When food trucks stop rolling: COVID-19's Impact on Food Supply in India

By Mansoor Ali|28th Apr 2020
While most of us are worried about staying safe, the economy and our jobs outside, there's a more significant threat looming over the horizon, and it concerns an essential need - food and its continued supply.
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Food supply

Where did our meals go?

We had moved into the lockdown with a heavy Rabi crop near harvest. A month down the line, there are wide-scale crop losses, which are leaving farms and markets short of staple crops. Locked domestic borders and lack of cross-national trade have cut down on the availability of food in the markets too.


These steps are impacting all food supplies - meat, dairy, fruits and vegetables as well as grain supplies. And the reason? The logistical breakdown in bringing food from the fields to the plate.  


The United Nations' Food and Agriculture Organisation has warned of a possible spiral in global food prices too, fuelled by countries which rely on imports of staple foods.

Fears of empty shelves

And this is just the side of the story before the inevitable lifting of the nation-wide lockdown. The after story, if not appropriately managed, could be even worse. In a hurry to stock up, people who can afford it would rush to clean shelves of remaining food supplies, even as the system falters in restocking these shelves.


For the broader unorganised sector, there would be a rush to do jobs and get paid, if only to bring the next meal to their plates.

Working for food, without due precautions

Workers who flock for food and money in post-lockdown India would be going to spaces which do not have full safety measures. These would include poor indoor air quality (IAQ) and relative humidity – factors which enhance human and surface transmission of the coronavirus.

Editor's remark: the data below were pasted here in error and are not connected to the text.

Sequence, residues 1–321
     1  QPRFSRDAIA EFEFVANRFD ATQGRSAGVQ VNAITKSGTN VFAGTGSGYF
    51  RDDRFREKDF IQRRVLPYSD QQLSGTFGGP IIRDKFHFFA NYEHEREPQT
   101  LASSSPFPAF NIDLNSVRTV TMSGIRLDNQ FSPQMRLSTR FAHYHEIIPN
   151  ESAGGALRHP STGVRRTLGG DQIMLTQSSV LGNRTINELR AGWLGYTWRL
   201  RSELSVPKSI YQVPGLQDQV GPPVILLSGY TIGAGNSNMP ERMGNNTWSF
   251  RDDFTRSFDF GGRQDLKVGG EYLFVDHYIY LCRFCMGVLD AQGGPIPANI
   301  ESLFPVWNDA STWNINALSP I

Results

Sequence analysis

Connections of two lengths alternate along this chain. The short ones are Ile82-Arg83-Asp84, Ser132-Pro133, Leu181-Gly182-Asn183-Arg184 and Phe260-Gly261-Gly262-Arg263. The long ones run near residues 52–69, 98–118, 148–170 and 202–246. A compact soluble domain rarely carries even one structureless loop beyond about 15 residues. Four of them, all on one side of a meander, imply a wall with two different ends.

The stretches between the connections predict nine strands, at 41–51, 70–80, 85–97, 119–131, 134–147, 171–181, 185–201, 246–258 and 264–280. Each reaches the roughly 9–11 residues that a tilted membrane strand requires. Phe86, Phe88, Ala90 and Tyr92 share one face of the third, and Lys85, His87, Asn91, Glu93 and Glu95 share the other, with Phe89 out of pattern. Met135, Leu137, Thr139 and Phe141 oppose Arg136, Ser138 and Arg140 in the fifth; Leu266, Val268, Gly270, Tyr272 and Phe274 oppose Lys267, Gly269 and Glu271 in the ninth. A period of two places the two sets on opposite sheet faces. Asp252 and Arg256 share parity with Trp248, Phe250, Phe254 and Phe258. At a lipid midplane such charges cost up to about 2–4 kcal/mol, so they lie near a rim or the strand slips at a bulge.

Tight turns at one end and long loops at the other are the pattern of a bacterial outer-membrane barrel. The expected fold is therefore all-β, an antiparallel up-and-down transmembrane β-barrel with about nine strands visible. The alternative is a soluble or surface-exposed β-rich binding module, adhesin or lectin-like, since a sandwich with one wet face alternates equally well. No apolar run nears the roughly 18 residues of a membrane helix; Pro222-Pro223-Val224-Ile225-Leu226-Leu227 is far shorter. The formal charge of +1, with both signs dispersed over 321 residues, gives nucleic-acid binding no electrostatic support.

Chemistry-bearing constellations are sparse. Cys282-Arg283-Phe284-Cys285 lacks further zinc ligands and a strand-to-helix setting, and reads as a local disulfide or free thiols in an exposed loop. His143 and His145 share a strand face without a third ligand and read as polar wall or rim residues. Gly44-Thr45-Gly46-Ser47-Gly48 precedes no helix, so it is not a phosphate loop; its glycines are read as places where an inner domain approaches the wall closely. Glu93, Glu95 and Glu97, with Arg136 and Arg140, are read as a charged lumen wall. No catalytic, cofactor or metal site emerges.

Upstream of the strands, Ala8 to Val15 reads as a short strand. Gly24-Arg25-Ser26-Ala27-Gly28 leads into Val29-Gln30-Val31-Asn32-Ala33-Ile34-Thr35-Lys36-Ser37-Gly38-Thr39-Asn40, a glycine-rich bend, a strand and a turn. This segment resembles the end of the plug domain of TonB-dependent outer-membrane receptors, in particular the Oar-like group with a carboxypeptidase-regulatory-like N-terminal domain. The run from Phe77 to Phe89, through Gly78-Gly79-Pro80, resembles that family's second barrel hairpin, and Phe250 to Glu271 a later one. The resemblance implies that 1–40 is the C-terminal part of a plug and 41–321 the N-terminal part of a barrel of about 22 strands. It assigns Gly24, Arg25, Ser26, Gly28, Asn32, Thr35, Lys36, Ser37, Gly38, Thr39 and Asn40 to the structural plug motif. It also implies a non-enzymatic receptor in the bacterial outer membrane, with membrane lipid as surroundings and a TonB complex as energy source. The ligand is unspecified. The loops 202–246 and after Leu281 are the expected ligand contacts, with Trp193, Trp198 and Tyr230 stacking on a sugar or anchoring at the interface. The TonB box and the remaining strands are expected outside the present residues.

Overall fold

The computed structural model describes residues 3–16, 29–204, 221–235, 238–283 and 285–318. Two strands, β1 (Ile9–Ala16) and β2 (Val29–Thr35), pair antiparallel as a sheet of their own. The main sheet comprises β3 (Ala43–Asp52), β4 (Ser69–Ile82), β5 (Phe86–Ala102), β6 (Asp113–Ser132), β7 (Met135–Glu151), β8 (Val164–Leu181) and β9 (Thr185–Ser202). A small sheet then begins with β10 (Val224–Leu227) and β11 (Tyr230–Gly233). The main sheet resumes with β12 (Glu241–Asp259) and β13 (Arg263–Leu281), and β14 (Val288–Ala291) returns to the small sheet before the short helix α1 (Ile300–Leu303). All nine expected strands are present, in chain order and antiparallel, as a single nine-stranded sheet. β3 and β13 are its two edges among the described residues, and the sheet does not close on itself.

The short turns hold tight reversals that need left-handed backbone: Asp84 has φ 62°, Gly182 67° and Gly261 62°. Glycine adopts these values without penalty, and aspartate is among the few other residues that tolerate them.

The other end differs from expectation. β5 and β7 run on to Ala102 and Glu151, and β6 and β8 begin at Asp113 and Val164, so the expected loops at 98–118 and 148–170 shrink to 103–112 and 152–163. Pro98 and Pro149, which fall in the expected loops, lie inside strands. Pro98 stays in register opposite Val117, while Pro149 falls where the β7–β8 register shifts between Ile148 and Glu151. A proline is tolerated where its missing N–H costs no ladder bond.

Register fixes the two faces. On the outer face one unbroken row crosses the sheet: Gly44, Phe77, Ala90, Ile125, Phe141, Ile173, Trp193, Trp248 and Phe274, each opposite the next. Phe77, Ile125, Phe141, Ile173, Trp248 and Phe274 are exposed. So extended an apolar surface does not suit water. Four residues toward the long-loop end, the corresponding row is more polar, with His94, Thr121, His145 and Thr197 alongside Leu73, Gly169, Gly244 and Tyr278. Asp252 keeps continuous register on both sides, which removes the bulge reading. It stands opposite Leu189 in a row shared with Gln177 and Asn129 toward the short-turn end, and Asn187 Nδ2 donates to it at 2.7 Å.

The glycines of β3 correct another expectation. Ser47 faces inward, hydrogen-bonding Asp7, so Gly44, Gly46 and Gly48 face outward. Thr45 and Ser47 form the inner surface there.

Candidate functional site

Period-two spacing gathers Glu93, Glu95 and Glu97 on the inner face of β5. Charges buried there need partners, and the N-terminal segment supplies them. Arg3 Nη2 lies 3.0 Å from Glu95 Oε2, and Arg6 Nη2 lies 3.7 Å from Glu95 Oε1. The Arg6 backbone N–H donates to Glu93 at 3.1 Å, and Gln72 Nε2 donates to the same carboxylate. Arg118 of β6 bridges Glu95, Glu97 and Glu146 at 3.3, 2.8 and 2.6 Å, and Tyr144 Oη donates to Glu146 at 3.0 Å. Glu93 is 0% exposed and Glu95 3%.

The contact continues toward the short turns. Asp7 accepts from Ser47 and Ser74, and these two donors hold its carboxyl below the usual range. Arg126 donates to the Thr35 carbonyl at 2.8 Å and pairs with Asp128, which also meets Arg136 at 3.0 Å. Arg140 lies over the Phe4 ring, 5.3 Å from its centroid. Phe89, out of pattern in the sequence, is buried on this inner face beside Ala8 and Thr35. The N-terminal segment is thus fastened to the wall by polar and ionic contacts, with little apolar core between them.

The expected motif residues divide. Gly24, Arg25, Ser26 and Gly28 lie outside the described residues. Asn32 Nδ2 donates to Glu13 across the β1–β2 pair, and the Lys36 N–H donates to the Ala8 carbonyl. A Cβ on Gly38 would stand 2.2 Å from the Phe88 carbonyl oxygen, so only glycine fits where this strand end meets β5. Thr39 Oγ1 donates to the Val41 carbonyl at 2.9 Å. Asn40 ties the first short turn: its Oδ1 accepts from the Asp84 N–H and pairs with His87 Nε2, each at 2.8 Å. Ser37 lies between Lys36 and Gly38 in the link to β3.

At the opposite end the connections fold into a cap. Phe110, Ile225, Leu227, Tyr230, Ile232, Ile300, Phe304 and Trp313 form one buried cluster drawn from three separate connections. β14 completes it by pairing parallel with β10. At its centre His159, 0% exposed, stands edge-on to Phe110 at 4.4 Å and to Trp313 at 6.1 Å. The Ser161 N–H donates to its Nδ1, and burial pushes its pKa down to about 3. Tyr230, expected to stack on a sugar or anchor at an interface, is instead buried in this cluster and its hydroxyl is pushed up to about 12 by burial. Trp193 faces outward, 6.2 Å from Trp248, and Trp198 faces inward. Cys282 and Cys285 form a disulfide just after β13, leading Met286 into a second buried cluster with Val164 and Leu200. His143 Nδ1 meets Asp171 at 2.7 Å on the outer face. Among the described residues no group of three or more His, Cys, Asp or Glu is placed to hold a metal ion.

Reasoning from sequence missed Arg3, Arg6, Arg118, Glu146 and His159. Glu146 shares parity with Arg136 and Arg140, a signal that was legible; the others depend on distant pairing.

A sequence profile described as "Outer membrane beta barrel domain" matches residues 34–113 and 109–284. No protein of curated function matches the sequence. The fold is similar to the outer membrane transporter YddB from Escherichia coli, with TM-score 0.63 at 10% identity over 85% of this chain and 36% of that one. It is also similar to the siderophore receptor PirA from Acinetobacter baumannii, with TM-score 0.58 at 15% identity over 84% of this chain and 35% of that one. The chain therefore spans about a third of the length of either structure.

Ignoring or poorly managing humidity indoors can have implications, especially if a COVID-19 positive person comes in contact with others in closed or air-conditioned rooms. Colder environments, especially in the upcoming summers, would also enhance the number of days the contamination would stay alive on surfaces.


Going back to the food supply chain, this would also impact large warehouses, mandis and refrigeration centres for food supplies.


Apart from sanitisation, these centres need proper checks to not only keep the centre safe, but prevent the strands of infection from moving to these food supplies or others down the trail.

Need of the hour

As someone who's been monitoring the COVID-19 crisis since December, I've seen how not taking steps against the pandemic at the right time caused the crisis.  


I implore the government also to advocate food consumption patterns which would build immunity, as that's the only relevant protection and prevention tool for COVID-19. Freshly cooked home foods, instead of frozen items, consumed warm, alongside warm beverages to avoid flu-like conditions.


We would also need to stop flocking to restaurants, malls and dial-in delivery centres for food, as they may bring a scale of surface transmission to our homes. Many good food chains are in centralised ventilated zones, which would see big footfalls after the lockdown, increasing risks of a spreading coronavirus infection. 





So, at this time, it's prudent to stay vigilant and calm, apart from keeping an eye out for a developing food crisis. Avoid panic buying and hoarding to ensure that it does not turn into a food calamity down the line.


(Edited by Apoorva Puranik)

(Disclaimer: The views and opinions expressed in this article are those of the author and do not necessarily reflect the views of YourStory.)

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